Ferroptosis: action and mechanism of chemical/drug-induced liver injury

Drug Chem Toxicol. 2023 Dec 26:1-12. doi: 10.1080/01480545.2023.2295230. Online ahead of print.


Drug-induced liver injury (DILI) is characterized by hepatocyte injury, cholestasis injury, and mixed injury. The liver transplantation is required for serious clinical outcomes such as acute liver failure. Current studies have found that many mechanisms were involved in DILI, such as mitochondrial oxidative stress, apoptosis, necroptosis, autophagy, ferroptosis, etc. Ferroptosis occurs when hepatocytes die from iron-dependent lipid peroxidation and plays a key role in DILI. After entry into the liver, where some drugs or chemicals are metabolized, they convert into hepatotoxic substances, consume reduced glutathione (GSH), and decrease the reductive capacity of GSH-dependent GPX4, leading to redox imbalance in hepatocytes and increase of reactive oxygen species (ROS) and lipid peroxidation level, leading to the undermining of hepatocytes; some drugs facilitated the autophagy of ferritin, orchestrating the increased ion level and ferroptosis. The purpose of this review is to summarize the role of ferroptosis in chemical- or drug-induced liver injury (chemical/DILI) and how natural products inhibit ferroptosis to prevent chemical/DILI.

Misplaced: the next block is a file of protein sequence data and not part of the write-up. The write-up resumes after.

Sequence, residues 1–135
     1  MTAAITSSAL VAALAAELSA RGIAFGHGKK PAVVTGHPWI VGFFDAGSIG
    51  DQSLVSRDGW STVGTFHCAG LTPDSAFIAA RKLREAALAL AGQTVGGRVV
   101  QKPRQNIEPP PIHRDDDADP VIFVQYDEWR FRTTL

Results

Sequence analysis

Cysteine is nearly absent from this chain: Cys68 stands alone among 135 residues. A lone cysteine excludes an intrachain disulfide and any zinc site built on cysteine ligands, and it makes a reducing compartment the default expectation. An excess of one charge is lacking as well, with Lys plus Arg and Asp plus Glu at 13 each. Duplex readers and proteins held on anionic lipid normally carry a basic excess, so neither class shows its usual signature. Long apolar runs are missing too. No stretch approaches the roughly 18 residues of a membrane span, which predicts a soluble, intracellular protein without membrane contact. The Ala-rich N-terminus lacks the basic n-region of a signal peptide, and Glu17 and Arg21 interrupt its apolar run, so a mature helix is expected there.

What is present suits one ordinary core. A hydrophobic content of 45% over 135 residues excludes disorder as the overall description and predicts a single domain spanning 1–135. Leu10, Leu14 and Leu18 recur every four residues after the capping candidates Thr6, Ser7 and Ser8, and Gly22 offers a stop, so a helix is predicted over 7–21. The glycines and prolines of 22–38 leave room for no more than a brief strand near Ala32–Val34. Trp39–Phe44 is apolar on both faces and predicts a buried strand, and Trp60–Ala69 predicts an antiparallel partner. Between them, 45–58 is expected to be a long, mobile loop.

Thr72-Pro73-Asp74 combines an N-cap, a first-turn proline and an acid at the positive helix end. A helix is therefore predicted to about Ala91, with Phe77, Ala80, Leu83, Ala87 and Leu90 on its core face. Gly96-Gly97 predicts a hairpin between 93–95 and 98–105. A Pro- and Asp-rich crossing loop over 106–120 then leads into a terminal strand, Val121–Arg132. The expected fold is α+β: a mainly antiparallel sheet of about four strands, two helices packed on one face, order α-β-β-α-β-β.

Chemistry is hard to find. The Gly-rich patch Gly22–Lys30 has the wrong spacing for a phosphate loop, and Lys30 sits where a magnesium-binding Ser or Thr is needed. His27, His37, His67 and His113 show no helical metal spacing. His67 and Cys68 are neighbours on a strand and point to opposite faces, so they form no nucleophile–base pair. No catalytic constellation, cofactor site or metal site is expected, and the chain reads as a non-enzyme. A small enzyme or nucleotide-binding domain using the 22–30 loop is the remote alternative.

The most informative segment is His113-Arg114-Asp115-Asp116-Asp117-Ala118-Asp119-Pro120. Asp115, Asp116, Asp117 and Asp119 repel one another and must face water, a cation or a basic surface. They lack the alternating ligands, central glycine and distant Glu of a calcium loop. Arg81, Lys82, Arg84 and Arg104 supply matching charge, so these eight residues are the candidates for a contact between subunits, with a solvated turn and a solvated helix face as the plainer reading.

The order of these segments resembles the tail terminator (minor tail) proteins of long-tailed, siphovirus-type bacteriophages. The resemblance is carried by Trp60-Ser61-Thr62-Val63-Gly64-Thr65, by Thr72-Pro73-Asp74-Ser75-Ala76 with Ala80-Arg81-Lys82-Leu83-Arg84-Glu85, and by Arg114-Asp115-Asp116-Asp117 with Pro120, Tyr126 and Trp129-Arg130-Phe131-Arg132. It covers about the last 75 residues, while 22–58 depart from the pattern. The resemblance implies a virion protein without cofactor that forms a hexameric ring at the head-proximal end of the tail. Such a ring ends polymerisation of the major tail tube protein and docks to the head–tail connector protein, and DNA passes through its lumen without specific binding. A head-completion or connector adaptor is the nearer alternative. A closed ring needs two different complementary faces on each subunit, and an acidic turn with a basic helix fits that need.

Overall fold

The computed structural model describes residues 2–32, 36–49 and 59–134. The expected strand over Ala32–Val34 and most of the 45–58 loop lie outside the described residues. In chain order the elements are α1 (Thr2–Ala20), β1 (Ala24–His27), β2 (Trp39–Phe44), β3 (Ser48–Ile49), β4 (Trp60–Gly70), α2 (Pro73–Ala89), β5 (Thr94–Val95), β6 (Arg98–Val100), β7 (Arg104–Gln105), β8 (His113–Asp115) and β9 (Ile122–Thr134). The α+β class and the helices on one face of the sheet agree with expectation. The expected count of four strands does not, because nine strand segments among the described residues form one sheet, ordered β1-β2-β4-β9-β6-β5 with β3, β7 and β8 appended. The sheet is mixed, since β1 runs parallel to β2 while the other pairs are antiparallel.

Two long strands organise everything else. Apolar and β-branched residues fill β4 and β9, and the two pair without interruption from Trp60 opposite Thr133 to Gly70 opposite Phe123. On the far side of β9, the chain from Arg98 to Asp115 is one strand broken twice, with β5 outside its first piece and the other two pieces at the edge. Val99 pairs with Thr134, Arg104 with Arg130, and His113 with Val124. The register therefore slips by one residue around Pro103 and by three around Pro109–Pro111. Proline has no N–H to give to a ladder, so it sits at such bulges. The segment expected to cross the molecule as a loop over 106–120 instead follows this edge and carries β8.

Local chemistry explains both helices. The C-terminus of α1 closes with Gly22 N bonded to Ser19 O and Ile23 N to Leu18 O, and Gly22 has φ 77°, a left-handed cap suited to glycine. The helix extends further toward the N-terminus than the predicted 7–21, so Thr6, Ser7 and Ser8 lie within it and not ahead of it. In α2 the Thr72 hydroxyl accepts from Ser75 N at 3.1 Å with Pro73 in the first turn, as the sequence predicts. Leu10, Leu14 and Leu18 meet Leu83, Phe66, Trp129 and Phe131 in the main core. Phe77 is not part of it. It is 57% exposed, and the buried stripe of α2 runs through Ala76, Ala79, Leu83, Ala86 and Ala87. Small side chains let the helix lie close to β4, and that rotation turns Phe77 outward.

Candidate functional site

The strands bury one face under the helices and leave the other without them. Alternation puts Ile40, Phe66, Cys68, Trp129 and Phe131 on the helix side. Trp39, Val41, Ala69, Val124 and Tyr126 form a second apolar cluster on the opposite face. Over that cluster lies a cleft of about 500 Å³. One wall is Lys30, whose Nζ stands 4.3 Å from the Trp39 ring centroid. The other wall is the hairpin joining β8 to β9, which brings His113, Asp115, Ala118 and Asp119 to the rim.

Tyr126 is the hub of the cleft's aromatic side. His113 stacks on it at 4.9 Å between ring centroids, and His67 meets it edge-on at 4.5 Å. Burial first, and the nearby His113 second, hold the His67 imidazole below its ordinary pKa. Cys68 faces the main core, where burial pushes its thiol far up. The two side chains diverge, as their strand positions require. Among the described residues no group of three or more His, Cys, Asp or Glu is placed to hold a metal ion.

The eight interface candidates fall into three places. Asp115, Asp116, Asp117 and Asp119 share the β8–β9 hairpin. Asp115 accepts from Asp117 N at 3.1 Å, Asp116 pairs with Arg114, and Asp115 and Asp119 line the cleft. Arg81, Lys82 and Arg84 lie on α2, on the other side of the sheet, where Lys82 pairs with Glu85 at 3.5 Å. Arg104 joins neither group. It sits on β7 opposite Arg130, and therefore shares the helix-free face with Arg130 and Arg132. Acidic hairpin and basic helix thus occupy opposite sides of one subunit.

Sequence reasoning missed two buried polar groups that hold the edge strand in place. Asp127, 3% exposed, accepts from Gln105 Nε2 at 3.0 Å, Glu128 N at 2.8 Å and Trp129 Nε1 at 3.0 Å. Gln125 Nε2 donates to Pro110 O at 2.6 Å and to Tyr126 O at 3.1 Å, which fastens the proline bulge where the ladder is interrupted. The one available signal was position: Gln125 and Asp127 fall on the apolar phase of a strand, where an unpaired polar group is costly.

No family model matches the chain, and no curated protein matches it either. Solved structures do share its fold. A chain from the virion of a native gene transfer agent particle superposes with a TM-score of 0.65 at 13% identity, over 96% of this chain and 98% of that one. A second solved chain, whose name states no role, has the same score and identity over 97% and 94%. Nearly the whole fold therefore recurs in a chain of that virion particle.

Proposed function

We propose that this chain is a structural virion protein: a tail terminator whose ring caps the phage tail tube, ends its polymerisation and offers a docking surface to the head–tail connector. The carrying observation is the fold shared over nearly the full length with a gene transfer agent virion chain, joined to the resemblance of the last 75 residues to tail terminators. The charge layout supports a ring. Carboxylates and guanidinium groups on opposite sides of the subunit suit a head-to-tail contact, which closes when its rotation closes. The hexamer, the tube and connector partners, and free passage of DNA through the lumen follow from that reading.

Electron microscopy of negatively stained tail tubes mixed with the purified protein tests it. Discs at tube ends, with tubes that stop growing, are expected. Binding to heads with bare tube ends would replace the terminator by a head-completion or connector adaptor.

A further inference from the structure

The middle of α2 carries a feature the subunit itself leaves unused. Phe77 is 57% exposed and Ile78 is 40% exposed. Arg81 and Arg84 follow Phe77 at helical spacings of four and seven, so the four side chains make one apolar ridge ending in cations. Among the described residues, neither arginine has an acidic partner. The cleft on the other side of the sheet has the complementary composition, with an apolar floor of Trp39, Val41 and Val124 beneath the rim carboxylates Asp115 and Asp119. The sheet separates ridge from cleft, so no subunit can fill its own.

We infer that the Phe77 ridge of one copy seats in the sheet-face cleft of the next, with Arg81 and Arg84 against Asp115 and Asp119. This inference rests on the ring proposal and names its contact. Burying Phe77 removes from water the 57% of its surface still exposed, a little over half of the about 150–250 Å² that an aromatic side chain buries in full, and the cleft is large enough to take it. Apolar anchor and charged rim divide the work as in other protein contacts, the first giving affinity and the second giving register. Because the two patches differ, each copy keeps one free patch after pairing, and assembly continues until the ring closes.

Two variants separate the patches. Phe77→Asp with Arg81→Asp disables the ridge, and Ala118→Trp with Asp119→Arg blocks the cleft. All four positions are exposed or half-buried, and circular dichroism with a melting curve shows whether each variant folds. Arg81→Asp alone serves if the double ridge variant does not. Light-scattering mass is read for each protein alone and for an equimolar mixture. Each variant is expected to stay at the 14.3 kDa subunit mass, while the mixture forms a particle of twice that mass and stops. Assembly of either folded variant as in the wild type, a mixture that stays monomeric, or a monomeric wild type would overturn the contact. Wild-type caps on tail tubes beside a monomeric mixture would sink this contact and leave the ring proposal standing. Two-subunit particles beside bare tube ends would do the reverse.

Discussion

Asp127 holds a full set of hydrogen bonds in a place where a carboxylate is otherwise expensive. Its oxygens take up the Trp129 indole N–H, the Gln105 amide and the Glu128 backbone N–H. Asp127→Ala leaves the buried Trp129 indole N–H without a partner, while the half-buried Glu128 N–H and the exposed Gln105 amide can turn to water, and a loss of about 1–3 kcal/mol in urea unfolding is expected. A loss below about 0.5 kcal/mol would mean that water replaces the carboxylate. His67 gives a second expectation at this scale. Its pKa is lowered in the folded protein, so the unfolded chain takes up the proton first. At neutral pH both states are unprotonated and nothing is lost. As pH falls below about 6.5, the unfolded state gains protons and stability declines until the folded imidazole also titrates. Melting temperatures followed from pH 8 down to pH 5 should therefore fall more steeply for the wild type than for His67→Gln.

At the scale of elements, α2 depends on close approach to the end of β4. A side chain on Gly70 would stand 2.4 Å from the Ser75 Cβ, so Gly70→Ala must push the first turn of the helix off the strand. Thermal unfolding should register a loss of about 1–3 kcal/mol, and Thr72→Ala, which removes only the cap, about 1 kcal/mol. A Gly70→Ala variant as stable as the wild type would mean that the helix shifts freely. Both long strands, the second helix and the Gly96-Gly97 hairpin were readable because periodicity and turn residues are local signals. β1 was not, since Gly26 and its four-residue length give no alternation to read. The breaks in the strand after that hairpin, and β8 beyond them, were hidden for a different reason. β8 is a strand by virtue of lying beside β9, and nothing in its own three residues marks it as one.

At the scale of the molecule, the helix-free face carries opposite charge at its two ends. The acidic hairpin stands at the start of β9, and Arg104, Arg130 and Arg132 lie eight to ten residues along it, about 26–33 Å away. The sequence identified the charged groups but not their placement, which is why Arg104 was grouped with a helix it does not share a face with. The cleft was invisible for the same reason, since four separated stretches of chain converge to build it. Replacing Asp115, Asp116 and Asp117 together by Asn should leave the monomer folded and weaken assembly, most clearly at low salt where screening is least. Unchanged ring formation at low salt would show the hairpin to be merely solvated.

Keywords: Chemical or drug induced liver injury; GPX4; antitubercular agents; ferroptosis; glutathione; reactive oxygen species.

Publication types

  • Review